J. Colvin Randall Collection - W. Elliot Woodward 6/1885:866 - Harold P. Newlin - T. Harrison Garrett Collection - Robert Garrett Collection - John Work Garrett Collection - Johns Hopkins University Collection - Bowers & Ruddy 11/1979:433 - William Mitkoff - Anthony Terranova - Paramount (David Akers), sold privately in 4/1986 - D. Brent Pogue Collection - Stack's/Bowers & Sotheby's 9/2015:2069, $646,250
Superior 3/2001:798, $212,750
Goldbergs 9/1999:1733, $207,000 (plate-matched to the following) - Stack's 6/2008:2052, $586,500
Bowers & Merena 10/1999:711, $138,000 - Heritage 1/2015:4271, $587,500
Heritage 1/2007:3493, $345,000 - Madison Collection - Heritage 1/2008:3134, $373,750
Stack's 1/2005:3337, $207,000 - Goldbergs 9/2007:3276, $322,000
Coinhunter 1/2007:307, $583,000 - Heritage 1/2008:3135, not sold - The Wisconsin Gold Type Set Collection - Heritage 7/2009:1248, $345,000 - Heritage 1/2011:5076, $345,000 - Heritage 1/2013:5861, $330,175
Bowers & Merena 5/2004:407, $299,000
David Akers (1975/88): Although not particularly scarce by Half Eagle standards, the 1795 Small Eagle is nevertheless a relatively high priced coin due to its status as the first U.S. gold coin and its popularity as a type coin. It is much more common than the other dates of this type and is fairly obtainable in AU-Unc. condition. Gems, that is MS-65 or better coins, are rare but still occasionally available. Proof-like surfaces are the norm rather than the exception but no true proofs exist. There are, however, several first strike specimens that have the characteristics of "presentation" pieces.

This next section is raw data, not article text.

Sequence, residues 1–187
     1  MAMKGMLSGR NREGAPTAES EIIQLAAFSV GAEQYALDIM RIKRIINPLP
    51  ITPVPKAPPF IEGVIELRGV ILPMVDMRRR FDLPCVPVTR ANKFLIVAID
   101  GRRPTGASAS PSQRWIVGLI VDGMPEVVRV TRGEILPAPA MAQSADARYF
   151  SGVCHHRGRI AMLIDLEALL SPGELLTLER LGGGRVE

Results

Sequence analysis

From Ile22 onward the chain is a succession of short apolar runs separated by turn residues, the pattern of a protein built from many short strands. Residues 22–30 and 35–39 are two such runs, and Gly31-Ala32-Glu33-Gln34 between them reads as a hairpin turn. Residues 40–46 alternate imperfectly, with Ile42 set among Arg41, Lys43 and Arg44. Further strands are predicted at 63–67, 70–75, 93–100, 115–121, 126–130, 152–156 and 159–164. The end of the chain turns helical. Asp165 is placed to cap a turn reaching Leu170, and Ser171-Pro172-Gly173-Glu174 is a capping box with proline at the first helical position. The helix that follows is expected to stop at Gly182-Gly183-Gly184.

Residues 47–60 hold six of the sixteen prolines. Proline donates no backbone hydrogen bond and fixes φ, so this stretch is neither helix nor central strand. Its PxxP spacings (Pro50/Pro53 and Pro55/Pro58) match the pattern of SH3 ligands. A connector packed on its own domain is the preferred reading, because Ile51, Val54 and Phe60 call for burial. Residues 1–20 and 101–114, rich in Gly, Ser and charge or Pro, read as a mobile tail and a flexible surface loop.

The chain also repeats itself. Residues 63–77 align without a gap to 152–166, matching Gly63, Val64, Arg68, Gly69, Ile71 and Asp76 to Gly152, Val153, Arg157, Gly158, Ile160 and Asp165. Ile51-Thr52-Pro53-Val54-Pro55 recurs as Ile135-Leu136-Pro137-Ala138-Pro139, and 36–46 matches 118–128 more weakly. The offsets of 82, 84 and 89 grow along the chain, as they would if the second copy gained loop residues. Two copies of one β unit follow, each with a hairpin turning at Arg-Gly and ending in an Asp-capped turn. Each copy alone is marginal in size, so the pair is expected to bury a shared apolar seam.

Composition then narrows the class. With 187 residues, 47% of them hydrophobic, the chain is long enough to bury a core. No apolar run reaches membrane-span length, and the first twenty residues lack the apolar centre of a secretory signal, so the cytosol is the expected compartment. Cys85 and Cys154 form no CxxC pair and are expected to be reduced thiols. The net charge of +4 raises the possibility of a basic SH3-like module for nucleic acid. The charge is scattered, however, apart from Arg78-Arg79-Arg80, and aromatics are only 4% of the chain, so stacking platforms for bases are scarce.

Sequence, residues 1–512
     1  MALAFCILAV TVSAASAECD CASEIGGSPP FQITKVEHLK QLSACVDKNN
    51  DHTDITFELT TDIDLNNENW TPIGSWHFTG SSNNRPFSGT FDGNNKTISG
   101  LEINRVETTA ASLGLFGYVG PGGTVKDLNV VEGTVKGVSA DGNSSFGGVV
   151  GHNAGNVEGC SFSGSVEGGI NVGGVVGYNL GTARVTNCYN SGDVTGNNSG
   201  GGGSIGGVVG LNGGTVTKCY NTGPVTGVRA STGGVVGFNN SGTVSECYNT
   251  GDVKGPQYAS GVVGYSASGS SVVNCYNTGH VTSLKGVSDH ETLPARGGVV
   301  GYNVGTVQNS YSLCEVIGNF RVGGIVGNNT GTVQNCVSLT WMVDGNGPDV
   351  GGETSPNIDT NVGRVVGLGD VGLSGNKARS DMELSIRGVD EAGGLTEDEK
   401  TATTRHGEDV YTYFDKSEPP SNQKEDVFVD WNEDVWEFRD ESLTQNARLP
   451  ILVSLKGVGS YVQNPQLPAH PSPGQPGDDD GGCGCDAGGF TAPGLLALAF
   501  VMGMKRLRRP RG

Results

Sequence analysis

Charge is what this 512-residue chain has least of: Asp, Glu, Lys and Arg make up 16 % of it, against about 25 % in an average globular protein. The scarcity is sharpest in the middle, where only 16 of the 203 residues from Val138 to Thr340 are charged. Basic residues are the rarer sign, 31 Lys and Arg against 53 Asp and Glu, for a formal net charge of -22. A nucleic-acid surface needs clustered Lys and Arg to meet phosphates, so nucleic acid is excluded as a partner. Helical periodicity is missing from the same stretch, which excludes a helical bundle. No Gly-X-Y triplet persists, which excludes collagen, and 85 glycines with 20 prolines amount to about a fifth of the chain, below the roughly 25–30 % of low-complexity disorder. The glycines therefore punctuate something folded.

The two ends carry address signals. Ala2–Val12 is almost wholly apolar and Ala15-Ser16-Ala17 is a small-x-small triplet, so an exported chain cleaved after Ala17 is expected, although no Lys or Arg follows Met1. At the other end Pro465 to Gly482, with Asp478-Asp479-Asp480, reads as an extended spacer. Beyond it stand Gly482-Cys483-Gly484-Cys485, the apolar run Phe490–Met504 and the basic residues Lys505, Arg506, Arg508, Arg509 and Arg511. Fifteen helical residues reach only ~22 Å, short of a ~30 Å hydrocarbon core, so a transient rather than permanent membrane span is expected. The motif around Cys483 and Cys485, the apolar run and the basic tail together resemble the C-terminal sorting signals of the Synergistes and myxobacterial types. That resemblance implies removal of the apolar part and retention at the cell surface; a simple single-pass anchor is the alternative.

One interesting variety exists with the second S in STATES over the letter D. This variety, although more rare than the varieteies with the plain S, does not generally command a premium.
Ron Guth: Harry Bass and John Dannreuther identified 12 different die varieties of the 1795 Small Eagle $5 gold piece, all of which are scarce, and some of which are exceedingly rare. Some examples show adjustment marks (parallel file marks caused by filing the planchet to bring the weight down to standard); these are considered mint-caused defects that affect the value of the coin only minimally (actual scratches can have a major, detrimental effect on value depending on quantity and severity).
Sources and/or recommended reading:
"Early U.S. Gold Coin Varieties" by John W. Dannreuther and Harry W. Bass, Jr.
"United States Half Eagle Gold Coins 1795 to 1834" by Robert W. Miller, Sr.
"Walter Breen's Complete Encyclopedia Of U.S. And Colonial Coins" by Walter Breen
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